Injury and Death as Commuter Train Derails in Philadelphia
An Amtrak commuter train (#188), carrying 238 passengers and five crew members, derailed and rolled onto its side Tuesday night in the Port Richmond section of Philadelphia, PA. As our Delray Beach personal injury lawyers at the Law Offices of Aronberg, Aronberg & Green know, as of early Wednesday morning, at least six people have died and at least 140 have been injured due to the horrific crash. Eight of the injured passengers remain in critical condition, according to area hospitals including Temple University Hospital, Jefferson University Hospital and Hahnemann University Hospital, all of which are among the hospitals treating victims.
The people on this train likely spanned all walks of life – they were daughters and sons, brothers and sisters, mothers and fathers, grandfathers and grandmothers; they were travelling for business, for pleasure, for school, etc. Now, a number of them have had their lives cut short while others remain in serious condition, doctors uncertain of whether or not they’ll make a recovery. For those likely to recover, as our personal injury lawyers know, life will never be the same again.
So, why does something like this happen? And what can the injured passengers and the families of the deceased passengers do to seek justice? These are two distinct questions, both of which have something to do with the other, yet both equally deserving of answers. We’ll shed some light on these issues in this blog.
According to an early report by CNN, “the area of the crash is known as Frankford Junction. In 1943, it was the site of one of the nation’s deadliest train accidents when The Congressional Limited crashed, killing 79 people.” Given that the train crashed after through a dangerous portion of tracks, and because that section of tracks was known to be dangerous given the role it played in the horrific incident in 1943, we must ask the question: why wasn’t Frankford Junction fixed as to prevent another incident from happening? As we all now know, it was just a matter of time until another train derailed, leading to death, chaos and misery for the victims and their families. It’s quite possible that the lack of sufficient action in changing Frankford Junction to make it safer could play a role in exposing liabilities.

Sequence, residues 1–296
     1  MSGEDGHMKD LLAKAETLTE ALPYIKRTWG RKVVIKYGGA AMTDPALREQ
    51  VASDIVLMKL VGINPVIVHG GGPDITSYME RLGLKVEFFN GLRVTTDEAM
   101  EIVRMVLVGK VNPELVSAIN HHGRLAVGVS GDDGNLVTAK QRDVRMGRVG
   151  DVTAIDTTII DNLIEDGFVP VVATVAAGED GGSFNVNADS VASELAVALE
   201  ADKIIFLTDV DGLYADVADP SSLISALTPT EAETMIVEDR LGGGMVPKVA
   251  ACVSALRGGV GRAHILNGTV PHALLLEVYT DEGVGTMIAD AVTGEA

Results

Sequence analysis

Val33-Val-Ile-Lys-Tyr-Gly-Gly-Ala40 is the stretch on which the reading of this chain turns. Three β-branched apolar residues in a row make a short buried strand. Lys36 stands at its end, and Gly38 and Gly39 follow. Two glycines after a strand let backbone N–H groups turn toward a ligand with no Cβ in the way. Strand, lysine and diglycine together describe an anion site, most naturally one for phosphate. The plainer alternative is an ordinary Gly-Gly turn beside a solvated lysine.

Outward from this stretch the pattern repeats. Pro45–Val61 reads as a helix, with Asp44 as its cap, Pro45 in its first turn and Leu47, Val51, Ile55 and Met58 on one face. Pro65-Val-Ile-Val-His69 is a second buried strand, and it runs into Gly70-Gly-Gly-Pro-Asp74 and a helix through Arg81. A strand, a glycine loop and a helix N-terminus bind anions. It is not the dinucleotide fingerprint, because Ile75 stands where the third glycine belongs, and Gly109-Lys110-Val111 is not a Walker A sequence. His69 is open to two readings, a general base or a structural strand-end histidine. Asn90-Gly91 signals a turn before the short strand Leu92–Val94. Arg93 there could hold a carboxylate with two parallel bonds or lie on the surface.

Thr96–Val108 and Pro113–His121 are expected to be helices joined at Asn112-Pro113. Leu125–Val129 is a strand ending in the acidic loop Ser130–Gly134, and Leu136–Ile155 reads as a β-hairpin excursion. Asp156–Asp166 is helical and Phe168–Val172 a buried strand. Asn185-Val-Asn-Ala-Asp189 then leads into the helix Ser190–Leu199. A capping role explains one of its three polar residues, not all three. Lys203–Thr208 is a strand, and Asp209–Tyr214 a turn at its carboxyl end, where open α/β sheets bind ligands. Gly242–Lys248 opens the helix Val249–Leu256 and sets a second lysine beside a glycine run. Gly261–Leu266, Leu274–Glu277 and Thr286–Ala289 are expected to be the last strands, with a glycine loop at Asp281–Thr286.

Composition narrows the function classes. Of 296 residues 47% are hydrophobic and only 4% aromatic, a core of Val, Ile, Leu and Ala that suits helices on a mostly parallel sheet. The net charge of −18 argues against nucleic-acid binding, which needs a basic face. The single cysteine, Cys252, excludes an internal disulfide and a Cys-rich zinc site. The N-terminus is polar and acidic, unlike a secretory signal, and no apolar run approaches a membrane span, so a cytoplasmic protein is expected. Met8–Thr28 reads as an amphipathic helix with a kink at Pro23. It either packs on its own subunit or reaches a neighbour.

Speaking of which, who is liable? Right off the bat, assuming no foul play was involved (which will be determined during the full investigation); it seems that Amtrak is the responsible entity. Amtrak, known more formally as the National Railroad Passenger Corporation, is a railroad service, which is publicly funded but is operated and managed as a for-profit corporation; in other words, its structure is complex, but it is essentially a blend of government and private industry. As our personal injury lawyers know, the intricacy of the structure means that while victims of the accident can’t just sue the U.S. government for the incident, they still certainly have recourse. Injuries, trauma, wrongful death, etc. – these all happened in the crash and they are all legitimate bases for legal claims against Amtrak.
If you have any questions about this or any other commuter rail derailment issue, or any other personal injury issue, or if you’ve been injured due to the wrongdoing or negligence of another individual or a company, please contact our personal injury lawyers at Aronberg, Aronberg & Green by calling 215-229-4545 or by e-mailing us at firstname.lastname@example.org. We look forward to assisting you.